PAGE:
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Cablegate: Foreign Minister On U.S. Relationship, Trade, Afghanistan

VZCZCXRO7493
RR RUEHDBU RUEHPW RUEHSL
DE RUEHWL #0287/01 2730219
ZNR UUUUU ZZH
R 300218Z SEP 09
FM AMEMBASSY WELLINGTON
TO RUEHC/SECSTATE WASHDC 0153
INFO AFGHANISTAN COLLECTIVE
RHEHAAA/NATIONAL SECURITY COUNCIL WASHINGTON DC
RHHMUNA/USPACOM HONOLULU HI
RHMFISS/JOINT STAFF WASHINGTON DC
RUCPDOC/DEPT OF COMMERCE WASHINGTON DC
RUEHBUL/AMEMBASSY KABUL 0012
RUEHBY/AMEMBASSY CANBERRA 0040
RUEHDN/AMCONSUL SYDNEY 0034
RUEKJCS/SECDEF WASHINGTON DC

UNCLAS SECTION 01 OF 02 WELLINGTON 000287

SENSITIVE
SIPDIS

E.O. 12958: N/A
TAGS: PREL ETRD ECON NZ AF PGOV MARR XV EAID
SUBJECT: Foreign Minister on U.S. Relationship, Trade, Afghanistan
and the Pacific Island Region

1. (SBU) Summary. During a September 26 introductory call,
Foreign Minister Murray McCully warmly welcomed the Charge and
emphasized that his door is always open for future meetings.
McCully said the New Zealand Government puts a "huge priority" on
building the relationship with the U.S., and he plans to build the
relationship in a practical manner outside the spotlight of the New
Zealand media. Regarding the Trans-Pacific Partnership (TPP), New
Zealand is eagerly awaiting the results of the U.S.
Administration's trade policy review but will not put pressure on
the USG to move forward on the TPP. On Afghanistan, the Foreign
Minister said the August 30 McChrystal assessment had "played into
the hands of government opponents" since it called for more
resources just when New Zealand had decided to redeploy the Special
Air Service (SAS). McCully added that New Zealand is focusing its
efforts on capacity building in Bamyan Province. Turning to New
Zealand's Pacific island neighbors, McCully said New Zealand has a
special relation with Pacific island nations because of the large
population of Pacific Islanders living in the country. This gives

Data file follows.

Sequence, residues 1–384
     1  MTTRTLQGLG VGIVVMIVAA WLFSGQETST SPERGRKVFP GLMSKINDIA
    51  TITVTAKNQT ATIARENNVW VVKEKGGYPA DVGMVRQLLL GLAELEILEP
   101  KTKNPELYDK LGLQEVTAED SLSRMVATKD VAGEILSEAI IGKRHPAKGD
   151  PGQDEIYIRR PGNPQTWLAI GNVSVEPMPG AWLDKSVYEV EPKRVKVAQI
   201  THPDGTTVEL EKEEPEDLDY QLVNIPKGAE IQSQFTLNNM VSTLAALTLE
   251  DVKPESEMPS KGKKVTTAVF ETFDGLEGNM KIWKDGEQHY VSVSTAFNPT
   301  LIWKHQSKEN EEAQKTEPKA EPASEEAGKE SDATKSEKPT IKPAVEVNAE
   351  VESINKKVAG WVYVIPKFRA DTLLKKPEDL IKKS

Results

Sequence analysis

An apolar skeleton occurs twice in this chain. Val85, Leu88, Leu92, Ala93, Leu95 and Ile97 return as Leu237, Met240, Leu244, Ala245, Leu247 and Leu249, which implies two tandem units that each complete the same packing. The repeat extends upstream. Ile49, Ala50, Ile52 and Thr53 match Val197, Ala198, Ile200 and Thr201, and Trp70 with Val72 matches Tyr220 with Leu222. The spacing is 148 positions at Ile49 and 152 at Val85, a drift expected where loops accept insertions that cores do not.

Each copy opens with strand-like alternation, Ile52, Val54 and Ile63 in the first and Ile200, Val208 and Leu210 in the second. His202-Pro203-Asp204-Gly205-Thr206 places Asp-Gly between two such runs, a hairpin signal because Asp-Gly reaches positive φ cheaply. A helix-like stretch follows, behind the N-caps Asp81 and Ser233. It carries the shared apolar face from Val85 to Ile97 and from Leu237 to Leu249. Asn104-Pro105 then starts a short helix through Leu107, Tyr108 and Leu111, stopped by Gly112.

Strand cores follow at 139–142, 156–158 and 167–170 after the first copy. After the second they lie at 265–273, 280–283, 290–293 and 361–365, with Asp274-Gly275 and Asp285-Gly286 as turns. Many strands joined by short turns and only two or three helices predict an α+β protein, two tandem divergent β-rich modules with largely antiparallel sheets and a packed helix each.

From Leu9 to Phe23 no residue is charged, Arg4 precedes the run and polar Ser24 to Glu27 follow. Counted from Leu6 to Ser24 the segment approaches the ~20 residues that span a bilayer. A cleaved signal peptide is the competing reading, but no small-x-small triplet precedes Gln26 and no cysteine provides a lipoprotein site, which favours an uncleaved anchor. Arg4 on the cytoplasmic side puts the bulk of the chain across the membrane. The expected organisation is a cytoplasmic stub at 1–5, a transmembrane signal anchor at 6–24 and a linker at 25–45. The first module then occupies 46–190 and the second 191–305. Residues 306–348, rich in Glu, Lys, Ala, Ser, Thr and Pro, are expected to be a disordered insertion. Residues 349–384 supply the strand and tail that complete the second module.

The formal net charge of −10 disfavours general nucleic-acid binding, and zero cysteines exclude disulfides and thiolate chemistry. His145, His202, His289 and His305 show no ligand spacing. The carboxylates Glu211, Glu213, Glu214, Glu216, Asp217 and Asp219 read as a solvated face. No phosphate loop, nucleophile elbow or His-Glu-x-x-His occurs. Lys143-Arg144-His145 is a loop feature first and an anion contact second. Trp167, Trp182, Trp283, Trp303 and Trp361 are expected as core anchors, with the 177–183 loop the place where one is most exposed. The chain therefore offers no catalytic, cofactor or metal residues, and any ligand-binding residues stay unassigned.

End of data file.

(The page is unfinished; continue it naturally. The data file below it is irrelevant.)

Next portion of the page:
New Zealand "soft power", which it hopes to use in concert with the
U.S. to build the region. End Summary.

Wanting to Be Seen as Reliable, Serious, and Trustworthy

--------------------------------------------- ----------------------
---

2. (SBU) McCully iterated that he prefers to focus on the
substance of the bilateral relationship with the U.S. and not build
the relationship merely to "create media events" as politicians had
done in the past. He added that he wants to be more "practical" in
how the relationship is moved forward and that "we want you to see
us as reliable, serious, and trustworthy." In this vein, he added
that TV NZ Political Editor Guyon Espiner's planned interview on
October 6 with Assistant Secretary Kurt Campbell might include a
question about the A4 Skyhawk fighter jet issue; however, the New
Zealand Government is in no way pointing him in this direction and
wants to more forward quietly with the issue.

We Eagerly Await the Trans-Pacific Partnership (TPP) with the U.S.

--------------------------------------------- ----------------------
----------------

3. (SBU) The New Zealand Government is eagerly awaiting the
outcome of the U.S. review of its trade policy and hopes to move
forward with TPP talks said McCully. However, he added that he
"fully understands the U.S. system needs to go thought the trade
review process," and New Zealand will be careful not to apply any
pressure to the U.S.

Politically in a Difficult Spot on Afghanistan

--------------------------------------------- -----------